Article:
“Last night, I dreamt I went to Manderley again.” Responsible for one of the most famous lines in English literature, Daphne Du Maurier is nevertheless one of its most overlooked daughters.
Frequently derided as a romantic novelist whose works fail to pack much of a feminist punch, but whilst Du Maurier’s dark tales of obsession occasionally veer towards melodrama, her abilities as a storyteller cannot be questioned.
Virago’s publication of forgotten short stories written at the start of Du Maurier’s career are a welcome reminder of the talent she possessed, and of the odd places that her version of romance may be found.
The title story of The Doll is about a woman’s obsession with a mechanical sex doll, and it is this off-kilter desire that best characterises her work, perhaps more so even than the dramatic Cornish landscape where she both lived and set some of her most famous novels.
Although she achieved literary fame primarily as a novelist, it is the plots of some of her short stories that have endured. They captured the imagination not just of readers but Hollywood – Hitchcock’s adaptation of The Birds remains one of his most famous films, and Nicholas Roeg’s Don’t Look Now is a chilling exercise in psychological horror.
And then, of course, there is Rebecca. Sarah Waters, describing Du Maurier’s most famous novel as the book she wishes most that she had written, says that it “just feels so fundamentally right – like a myth, or a fairy tale”.
Heavily influenced by Charlotte Bronte’s Jane Eyre, Rebecca has been a film, a musical – in German, no less – and a radio drama. It has been televised on Sunday nights and spawned sequels, prequels and contemporary retellings.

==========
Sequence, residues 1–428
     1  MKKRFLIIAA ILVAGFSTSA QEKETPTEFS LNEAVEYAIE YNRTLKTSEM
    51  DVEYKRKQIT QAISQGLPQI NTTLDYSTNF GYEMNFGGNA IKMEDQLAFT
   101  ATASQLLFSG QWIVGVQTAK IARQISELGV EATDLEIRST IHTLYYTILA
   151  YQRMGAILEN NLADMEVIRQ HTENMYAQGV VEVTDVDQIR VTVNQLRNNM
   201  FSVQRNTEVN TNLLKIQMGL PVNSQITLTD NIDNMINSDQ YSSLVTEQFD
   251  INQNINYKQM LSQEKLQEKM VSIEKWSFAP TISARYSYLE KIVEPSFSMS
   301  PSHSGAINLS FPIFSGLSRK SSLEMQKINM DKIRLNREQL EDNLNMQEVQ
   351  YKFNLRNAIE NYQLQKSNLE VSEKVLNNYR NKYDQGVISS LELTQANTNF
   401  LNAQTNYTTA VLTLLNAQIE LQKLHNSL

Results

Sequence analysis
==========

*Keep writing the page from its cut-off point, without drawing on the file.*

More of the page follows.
Most importantly, it has been clutched to the bosom of queer theorists everywhere as an example not only of lesbian gothic, but of the author’s own barely-suppressed Sapphic passions.
Although Rebecca is her most explicitly queer work, with the eerie housekeeper Mrs Danvers keeping a shrine to her beloved dead mistress, Du Maurier’s ambiguous sexuality permeates much of her work, and features prominently in her private correspondence.
Margaret Forster’s 1989 biography revealed that as well as an unrequited love for Ellen Doubleday, her American publisher’s wife, she had a passionate relationship with actress Gertrude Lawrence, who had previously been her father’s mistress.
She wrote in letters about what she called her “Venetian” tendencies, but refused point blank to ever associate herself with lesbians. “By God and by Christ,” she wrote to Ellen, “if anyone should call [my] love by that unattractive word that begins with ‘L’, I’d tear their guts out.”
One thing about which she was decidedly not ambivalent was Cornwall, her adopted home. A passionate advocate of Cornish devolution, it was the setting for some of her best-loved novels – Menabilly, the house she rented for much of her life, was the inspiration behind Rebecca’s beloved Manderley and even today visitors are drawn to the small seaside town of Fowey to follow in her footsteps.
It is apt, then, that the new collection of stories came about after Fowey bookseller and Du Maurier enthusiast Anne Willmore made it her mission to unearth some of the author’s early work.
Du Maurier wrote often of feeling not like an adult woman but like a boy, or like a “phantom, who was neither boy nor girl but disembodied spirit”.
Whether this was a reflection of her inability to accept herself as one of her despised “L people” or frustration that her “boy’s mind and a boy’s heart” were so incorrectly packaged is unclear now, but her precise (if not always sympathetic) understanding of the human condition is what makes her so deliciously readable long after the world she describes has disappeared.